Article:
Healthcare continues to be in the news as we, as a nation, strive to improve care, lower cost and engage patients. I have spent the past 16 months thinking, writing, and learning about this thorny topic from 3 perspectives-- as an educator, as a newbie in the healthcare industry and, most importantly, as a patient.
When I think of the word "partner" in my life, it was never associated with unequal power dynamics, mindless deference or paternalistic thinking. As most of us as patients know, far too many healthcare environments remain in cultures where there is only one expert in our care who knows best, prescribes (tells us) what we now must do and often, even if well meaning, fails to include us authentically in the process of healing or preventing illness.
When I think of the new way healthcare can reinvent partnerships, it requires 5 words that represent the kind of partner I would want in sports, in business, or in a relationship/marriage. How might we re-invent a culture where there are two experts in every healthcare encounter--- one is the provider(s) who knows so much about the human body and the other is the person who receives care-- who knows the most about herself.
Let's reinvent healthcare communities in what I call the "5 T's of patients as authentic partners."
Teammate: Stockton/Malone, Buffet/Munger, Simon/Garfunkel, and Merritt/Sauerbrey... Ok... you may not know the last one but I feel pretty good about calling my spouse and partner a great teammate. When I think about what is required and possible in healthcare, it requires us to see each other as teammates who bring special expertise to the table. I believe it's paramount that for healthcare to change and truly engage and connect with patients, they must see one another as true teammates.
Transparency: Think about almost every healthcare appointment you've ever been through... do you know much about your provider or healthcare team members? Is there a sense of transparency on what is happening behind the curtains, screens and computers? Opennotes begins to lift the veil of secrecy about your healthcare data and remember-- it is YOUR data-- so you should be able to see what is written about you and help the team to successfully partner to manage your condition.
I've written elsewhere and discuss frequently, the opportunity to work closely with patients to assist in all aspects of healthcare. Patients come from many academic disciplines and life experiences and are often grateful for their care. How might their perspective be mobilized to help solve seemingly mundane issues that are beyond the clinical aspects (i.e. financial, logistical, culture). At minimum, they might provide a perspective that is new and, if welcomed and embraced, they might even create something transformational in healthcare practices. Getting to know patients as a whole person might be the most important thing you do for patients and for your practice.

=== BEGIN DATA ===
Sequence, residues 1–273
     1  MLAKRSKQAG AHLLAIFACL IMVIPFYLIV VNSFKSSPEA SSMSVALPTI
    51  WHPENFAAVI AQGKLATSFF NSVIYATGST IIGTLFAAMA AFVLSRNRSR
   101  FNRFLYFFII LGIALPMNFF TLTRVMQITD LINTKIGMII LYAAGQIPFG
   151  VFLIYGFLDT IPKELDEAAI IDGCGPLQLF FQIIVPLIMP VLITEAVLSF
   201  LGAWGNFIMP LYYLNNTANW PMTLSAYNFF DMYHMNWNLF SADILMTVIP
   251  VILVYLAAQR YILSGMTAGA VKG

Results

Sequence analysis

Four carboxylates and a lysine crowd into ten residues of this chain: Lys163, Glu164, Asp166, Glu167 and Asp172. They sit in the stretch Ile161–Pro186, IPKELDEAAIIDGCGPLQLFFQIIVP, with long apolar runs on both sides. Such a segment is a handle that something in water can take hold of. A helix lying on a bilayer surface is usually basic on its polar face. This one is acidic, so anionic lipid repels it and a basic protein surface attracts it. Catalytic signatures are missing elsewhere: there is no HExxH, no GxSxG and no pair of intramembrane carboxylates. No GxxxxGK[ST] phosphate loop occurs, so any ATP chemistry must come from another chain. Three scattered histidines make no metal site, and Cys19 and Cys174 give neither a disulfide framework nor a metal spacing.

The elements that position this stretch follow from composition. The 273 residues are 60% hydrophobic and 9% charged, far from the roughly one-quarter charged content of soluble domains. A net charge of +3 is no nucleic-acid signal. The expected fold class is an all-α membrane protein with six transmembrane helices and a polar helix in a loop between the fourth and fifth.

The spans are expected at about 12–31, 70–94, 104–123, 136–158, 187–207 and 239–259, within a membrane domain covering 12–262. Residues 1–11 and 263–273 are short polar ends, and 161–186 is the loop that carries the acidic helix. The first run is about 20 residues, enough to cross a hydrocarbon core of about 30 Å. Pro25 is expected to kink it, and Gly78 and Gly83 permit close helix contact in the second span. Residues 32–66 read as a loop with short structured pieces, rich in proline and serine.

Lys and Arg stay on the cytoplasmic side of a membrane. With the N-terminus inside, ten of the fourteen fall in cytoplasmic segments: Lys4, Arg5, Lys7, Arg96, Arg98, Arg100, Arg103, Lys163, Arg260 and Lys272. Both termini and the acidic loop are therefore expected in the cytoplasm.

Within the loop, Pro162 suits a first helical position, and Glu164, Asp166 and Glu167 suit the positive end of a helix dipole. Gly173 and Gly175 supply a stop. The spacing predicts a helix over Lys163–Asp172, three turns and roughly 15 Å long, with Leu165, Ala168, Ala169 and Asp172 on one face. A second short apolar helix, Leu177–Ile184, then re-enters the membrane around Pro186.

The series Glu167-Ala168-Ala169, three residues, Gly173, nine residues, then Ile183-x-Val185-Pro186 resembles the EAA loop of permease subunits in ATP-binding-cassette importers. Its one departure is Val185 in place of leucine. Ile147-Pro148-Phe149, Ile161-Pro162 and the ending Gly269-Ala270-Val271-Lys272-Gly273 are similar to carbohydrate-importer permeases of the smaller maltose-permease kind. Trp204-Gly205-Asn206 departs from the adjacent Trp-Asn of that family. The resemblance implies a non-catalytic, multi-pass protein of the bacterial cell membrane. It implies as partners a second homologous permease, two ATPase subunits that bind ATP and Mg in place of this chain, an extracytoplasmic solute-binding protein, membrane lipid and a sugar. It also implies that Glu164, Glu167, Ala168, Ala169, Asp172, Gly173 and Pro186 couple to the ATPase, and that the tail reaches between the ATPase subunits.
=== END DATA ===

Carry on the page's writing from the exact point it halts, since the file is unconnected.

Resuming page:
Time: Our current healthcare system generally works to maximize efficiency. The majority of us see our doctors for 10 minutes or less to describe often very challenging symptoms and complicated health stories. How might we help our partners understand and work to change the dominant paradigm that says we are to arrive 15 minutes before our "scheduled" time, go into a room to wait a bit longer and then (more often than we'd like) watch a truly committed doctor look like they are behind schedule and it's our appointment where they need to 'catch up.' What are other models that exist to truly get to know our healthcare team... to have a real chance to talk about who we are as authentic partners? How might we rearrange schedules so they are not simply done "on the hour" but rather done by knowledge of the patient about how much time might be needed -- some more, some less-- and we use the power of big data, algorithms and other AI to inform schedules, while understanding the issues with efficiency and the need to serve a large population of patients. Time is a precious commodity if we are to be authentic partners.
Teacher: Certainly physicians and other health providers work hard to teach us about ourselves and how our bodies work... but how often are we asked about ways our providers might learn from us? If we were to open up as healthcare providers to really listen in order to learn from our patients, what might we learn? How might we train medical students (and other healthcare students) to be learners from their patients? What if patients were welcomed in waiting rooms with information on how they might work to teach their providers something new about themselves and or about something they are particularly expert? Providing environments where the teaching/learning continuum works both ways would be an excellent start to creating positive partnerships.
Trust: If we can somehow accomplish the first 4 T's, then TRUST is developed, fostered and flourishes. Like every good partnership you have ever been apart of in your life, we all know trust is the critical component- how might we partner to develop?
How might the 5 T's define the new partnerships in healthcare between patients and providers? What would happen if every encounter to receive care or prevent illness assured that we worked toward developing all 5 T's? What ideas do you have to develop authentic partners in our care? How might patients be critical to help us find solutions to improving health outcomes, lowering costs and developing the sorts of relationships where we would say... well it's not great that I'm going through some healthcare challenge, but I look forward to seeing my team and working collaboratively to solve it. I think it's possible... let's start a movement together to make this a reality!
What do you think?